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A man from East Grinstead has expressed his support for a scheme to improve first aid awareness after he was miraculously brought back to life when he collapsed at a gym.
Steve Morris, 62, collapsed while exercising in February 2015 at the King Centre Gym and is only here today because of the properly trained staff at the centre.
He had a cardiac arrest whilst using the treadmill and doesn’t remember what happened next.
Two members of staff at the gym, one of whom was a defibrillator trainer at the premises, performed CPR and gave him one shock with the gym’s defibrillator which incredibly re-established his heartbeat.
He was taken to hospital where he underwent surgery to have two stents fitted. He’s now made a full recovery and is campaigning for more defibrillators to be made available in public places.
Steve, who was formerly a St John Ambulance Community First Responder, is supporting their new C.A.R.E campaign to improve cardiac aid awareness.
He said: “I’m backing St John Ambulance’s campaign, because, put simply, I’m here today because someone knew how to do CPR and use a defibrillator, which was on site.
“It’s so important that people are aware of this life saving equipment, and have the confidence to use it in an emergency.”
With 80 per cent of out of hospital cardiac arrests occurring at home, the first aid charity has announced the launch of its C.A.R.E for a Heart campaign – four steps to learn in advance, to give you and your loved ones the best chance of survival.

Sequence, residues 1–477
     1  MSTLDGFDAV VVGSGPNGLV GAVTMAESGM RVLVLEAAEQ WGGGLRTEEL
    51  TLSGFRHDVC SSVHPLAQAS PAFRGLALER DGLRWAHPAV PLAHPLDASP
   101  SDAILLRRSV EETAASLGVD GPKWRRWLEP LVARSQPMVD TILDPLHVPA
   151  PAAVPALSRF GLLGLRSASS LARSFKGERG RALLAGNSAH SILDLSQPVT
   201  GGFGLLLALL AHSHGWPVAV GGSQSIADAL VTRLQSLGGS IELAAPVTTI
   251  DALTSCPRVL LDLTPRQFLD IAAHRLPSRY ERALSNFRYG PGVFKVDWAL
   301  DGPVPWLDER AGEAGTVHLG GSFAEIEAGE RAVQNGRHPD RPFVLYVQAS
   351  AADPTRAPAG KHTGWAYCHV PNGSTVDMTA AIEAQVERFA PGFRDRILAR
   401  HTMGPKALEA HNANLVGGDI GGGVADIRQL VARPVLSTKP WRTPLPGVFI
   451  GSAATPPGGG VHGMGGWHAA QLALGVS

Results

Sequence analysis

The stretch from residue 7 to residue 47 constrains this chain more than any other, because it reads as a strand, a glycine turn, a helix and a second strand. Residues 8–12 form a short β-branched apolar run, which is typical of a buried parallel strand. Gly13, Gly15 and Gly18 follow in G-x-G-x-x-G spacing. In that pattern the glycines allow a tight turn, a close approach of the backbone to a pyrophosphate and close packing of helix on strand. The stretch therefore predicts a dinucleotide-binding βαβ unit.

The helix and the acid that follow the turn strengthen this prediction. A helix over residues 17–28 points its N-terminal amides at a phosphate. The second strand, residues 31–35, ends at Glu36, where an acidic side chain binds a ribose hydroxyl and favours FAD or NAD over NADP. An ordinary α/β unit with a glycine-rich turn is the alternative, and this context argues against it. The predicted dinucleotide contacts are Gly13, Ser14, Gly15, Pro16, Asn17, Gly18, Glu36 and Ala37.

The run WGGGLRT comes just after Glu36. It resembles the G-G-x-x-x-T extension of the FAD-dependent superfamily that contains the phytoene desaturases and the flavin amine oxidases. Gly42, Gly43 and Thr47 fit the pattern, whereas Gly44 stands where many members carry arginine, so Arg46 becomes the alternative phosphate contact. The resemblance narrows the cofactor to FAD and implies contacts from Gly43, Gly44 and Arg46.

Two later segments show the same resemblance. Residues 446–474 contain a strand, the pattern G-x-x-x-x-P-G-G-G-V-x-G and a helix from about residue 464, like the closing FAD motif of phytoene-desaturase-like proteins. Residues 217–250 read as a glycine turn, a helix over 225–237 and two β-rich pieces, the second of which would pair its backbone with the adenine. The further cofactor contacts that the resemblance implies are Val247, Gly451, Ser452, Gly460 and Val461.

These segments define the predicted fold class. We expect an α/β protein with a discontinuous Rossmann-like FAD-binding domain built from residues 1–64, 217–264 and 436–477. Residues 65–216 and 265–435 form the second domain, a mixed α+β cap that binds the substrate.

The C.A.R.E for a heart campaign
C Closest defibrillator
Find your closest defibrillator
Be ready to spot the signs of cardiac arrest
Know how to resuscitate using CPR
E Early defibrillation
Early defibrillation gives the best chance of survival
Up to seven out of 10 people who suffer a cardiac arrest could survive if they are treated with a defibrillator inside the first five minutes.
However, half of people in the South East have no idea where their nearest life saving equipment is, according to new research by St John Ambulance.
The shocking statistic is revealed as the first aid charity warns that despite more than 30,000 people experiencing cardiac arrests every year in the UK, we are lagging way behind countries all over the world when it comes to knowing how to treat them.
Defibrillator survey facts
- 56% of people in the South East wouldn’t know what to do if faced with a cardiac arrest
- While 80% know what a defibrillator does, only 28% say they’d feel confident using one (compared to 80 per cent of people saying they can use a smartphone with ease)
- An astonishing 62% wrongly believe it could cause harm to a patient.
St John Ambulance regional director, Elizabeth Harper, said: “Our research shows that while most people have some awareness of defibrillators, we still have a long way to go in educating people about what they need to do in a cardiac emergency.
“Home is where the heart is, it’s also where the majority of cardiac arrests happen, outside of hospital, which means it’s more likely to be our friends, family – or even ourselves – who need first aid in this life or death moment.
“None of us want to find ourselves in a situation where we couldn’t save a loved one’s life, any more than we’d want them to stand by helpless if we suffered a cardiac arrest.
“That’s why we are urging everybody to learn the four simple steps of C.A.R.E today; so that if the worst happens tomorrow, we can all act quickly and confidently, especially when every second counts.”